Selectionnez une rubrique, un article ou un numéro du GUIDO
Registering complaints, drawing up judicial documents or house letting leases, drafting administrative letters or writing love letters and proffering advice, public letter-writers are in great demand by numerous citizens; they have good times ahead in spite of the sometimes prevailing electronic mail.
They find it hard to make ends meet, they sometimes have no real command of the translation into foreign languages but, at least, they exist! They are not simply letter-writers: because of their training on the job, they are also able to proffer any kind of advice. Computer proficient, qualified assistants, translators…this job is in full development. There are still some left in Essaouira, several of them gathered on the little square that adjoins Massira Street at the northern exit of the town. Customers here may be more numerous than elsewhere; they often come from the neighbouring countryside where illiteracy is more common.
A tiny office that has seen better days, an old typewriter and a computer just as old, an ashtray and tea glasses. To kill the time, the writers enjoy a cigarette or exchange a newspaper in Arabic. There is no administrative control over them: the authorisations to this trade are passed from father to son! Though they often have a school leaving certificate, they do not master either French, English or another language and they keep referring customers to one stall or another.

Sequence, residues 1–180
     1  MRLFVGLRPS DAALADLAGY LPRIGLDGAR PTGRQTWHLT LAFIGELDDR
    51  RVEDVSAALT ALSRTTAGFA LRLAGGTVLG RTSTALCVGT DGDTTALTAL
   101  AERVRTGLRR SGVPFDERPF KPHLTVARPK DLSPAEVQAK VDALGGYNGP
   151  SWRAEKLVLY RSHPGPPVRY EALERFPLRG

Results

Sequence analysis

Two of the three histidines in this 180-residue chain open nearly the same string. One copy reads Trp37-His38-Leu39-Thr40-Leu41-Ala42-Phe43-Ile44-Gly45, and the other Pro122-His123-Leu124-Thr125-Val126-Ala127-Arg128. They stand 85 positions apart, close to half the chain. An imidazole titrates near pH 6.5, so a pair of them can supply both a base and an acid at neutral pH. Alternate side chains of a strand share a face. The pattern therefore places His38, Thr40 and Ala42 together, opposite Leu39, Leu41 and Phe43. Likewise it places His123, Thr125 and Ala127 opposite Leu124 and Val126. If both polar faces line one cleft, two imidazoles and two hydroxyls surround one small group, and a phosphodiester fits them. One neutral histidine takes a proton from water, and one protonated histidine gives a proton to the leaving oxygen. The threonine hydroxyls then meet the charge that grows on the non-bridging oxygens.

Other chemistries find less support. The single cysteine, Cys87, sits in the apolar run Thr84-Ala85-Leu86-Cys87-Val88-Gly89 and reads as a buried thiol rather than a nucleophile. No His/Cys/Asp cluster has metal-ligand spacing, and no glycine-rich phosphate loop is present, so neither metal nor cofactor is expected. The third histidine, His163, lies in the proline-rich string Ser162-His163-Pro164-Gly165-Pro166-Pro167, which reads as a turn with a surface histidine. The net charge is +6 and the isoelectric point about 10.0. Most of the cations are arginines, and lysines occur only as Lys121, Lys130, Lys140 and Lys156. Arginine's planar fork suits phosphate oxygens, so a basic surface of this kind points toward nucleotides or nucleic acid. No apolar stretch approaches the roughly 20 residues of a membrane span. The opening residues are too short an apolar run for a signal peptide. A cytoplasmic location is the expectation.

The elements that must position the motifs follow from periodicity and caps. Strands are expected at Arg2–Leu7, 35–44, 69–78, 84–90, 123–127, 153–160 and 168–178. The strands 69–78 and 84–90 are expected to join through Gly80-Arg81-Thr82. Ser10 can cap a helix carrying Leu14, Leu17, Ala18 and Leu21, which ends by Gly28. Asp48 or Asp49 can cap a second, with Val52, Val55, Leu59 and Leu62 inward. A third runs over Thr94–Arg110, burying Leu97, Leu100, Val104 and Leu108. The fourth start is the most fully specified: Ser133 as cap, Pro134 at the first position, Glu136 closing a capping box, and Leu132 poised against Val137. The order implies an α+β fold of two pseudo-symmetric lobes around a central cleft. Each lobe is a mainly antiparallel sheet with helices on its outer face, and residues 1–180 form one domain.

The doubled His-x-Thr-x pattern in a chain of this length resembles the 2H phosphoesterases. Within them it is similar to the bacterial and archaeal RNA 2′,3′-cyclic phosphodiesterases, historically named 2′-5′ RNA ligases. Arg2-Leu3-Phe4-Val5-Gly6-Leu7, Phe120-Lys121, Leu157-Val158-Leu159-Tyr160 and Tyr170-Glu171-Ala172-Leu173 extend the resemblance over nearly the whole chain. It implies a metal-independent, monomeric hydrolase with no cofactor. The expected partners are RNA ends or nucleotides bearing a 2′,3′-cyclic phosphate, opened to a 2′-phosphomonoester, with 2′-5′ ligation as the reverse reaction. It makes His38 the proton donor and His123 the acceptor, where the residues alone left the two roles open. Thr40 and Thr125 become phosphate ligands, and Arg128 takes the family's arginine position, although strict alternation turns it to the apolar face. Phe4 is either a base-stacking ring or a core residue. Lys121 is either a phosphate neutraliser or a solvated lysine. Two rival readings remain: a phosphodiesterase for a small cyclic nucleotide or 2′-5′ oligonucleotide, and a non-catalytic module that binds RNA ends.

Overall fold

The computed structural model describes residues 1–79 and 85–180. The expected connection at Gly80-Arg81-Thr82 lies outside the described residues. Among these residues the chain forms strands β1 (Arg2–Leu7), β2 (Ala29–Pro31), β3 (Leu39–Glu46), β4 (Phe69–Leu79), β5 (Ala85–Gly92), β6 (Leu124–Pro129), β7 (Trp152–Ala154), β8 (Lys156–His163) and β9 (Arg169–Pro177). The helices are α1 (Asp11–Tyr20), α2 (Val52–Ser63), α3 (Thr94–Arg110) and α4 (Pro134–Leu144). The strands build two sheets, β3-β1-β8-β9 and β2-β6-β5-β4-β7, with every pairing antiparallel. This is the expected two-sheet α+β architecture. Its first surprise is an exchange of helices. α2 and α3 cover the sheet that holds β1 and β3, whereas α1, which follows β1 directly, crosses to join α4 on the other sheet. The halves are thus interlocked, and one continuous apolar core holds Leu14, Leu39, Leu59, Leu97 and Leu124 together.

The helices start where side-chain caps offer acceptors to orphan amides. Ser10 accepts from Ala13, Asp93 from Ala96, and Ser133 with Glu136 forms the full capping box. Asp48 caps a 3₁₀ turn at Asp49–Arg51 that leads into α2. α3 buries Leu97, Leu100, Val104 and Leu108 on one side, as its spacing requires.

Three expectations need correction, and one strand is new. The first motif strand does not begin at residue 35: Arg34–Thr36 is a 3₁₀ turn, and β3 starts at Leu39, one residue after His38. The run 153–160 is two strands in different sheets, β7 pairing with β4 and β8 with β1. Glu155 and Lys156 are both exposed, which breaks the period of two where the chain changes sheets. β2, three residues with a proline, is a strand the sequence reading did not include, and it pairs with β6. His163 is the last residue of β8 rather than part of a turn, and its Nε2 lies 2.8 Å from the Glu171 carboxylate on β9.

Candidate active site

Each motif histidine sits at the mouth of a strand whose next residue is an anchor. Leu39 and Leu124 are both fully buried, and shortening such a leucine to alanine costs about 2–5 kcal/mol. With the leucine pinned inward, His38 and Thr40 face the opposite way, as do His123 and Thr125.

The first public letter-writers were the “talbas”, the men who knew the Koran by heart and who then sometimes went on studying. Sometimes customers come one after the other, they wait, chatting in a low voice and exchanging news while the public letter-writer is taking notes, listening attentively to what problem his male or female customer is exposing for all to hear, showing some papers to him or her then putting them back into a little plastic bag and carrying on his muffled conversation.
All documents don’t cost the same: the public letter-writer has a rate scale going from 25 to 150DH, sometimes to 200DH. It all depends on the length of the letter, therefore on the quantity of paper and of ink used but also on the time it takes to write the letter and especially on the intellectual effort invested into it. The necessary skills require knowing how to listen to people, how to transcribe their request in black and white, how to express coherently in appropriate administrative, judicial or amorous words what they are saying.
While there will be letters to write, public letter-writers will go on existing, here like elsewhere in the world!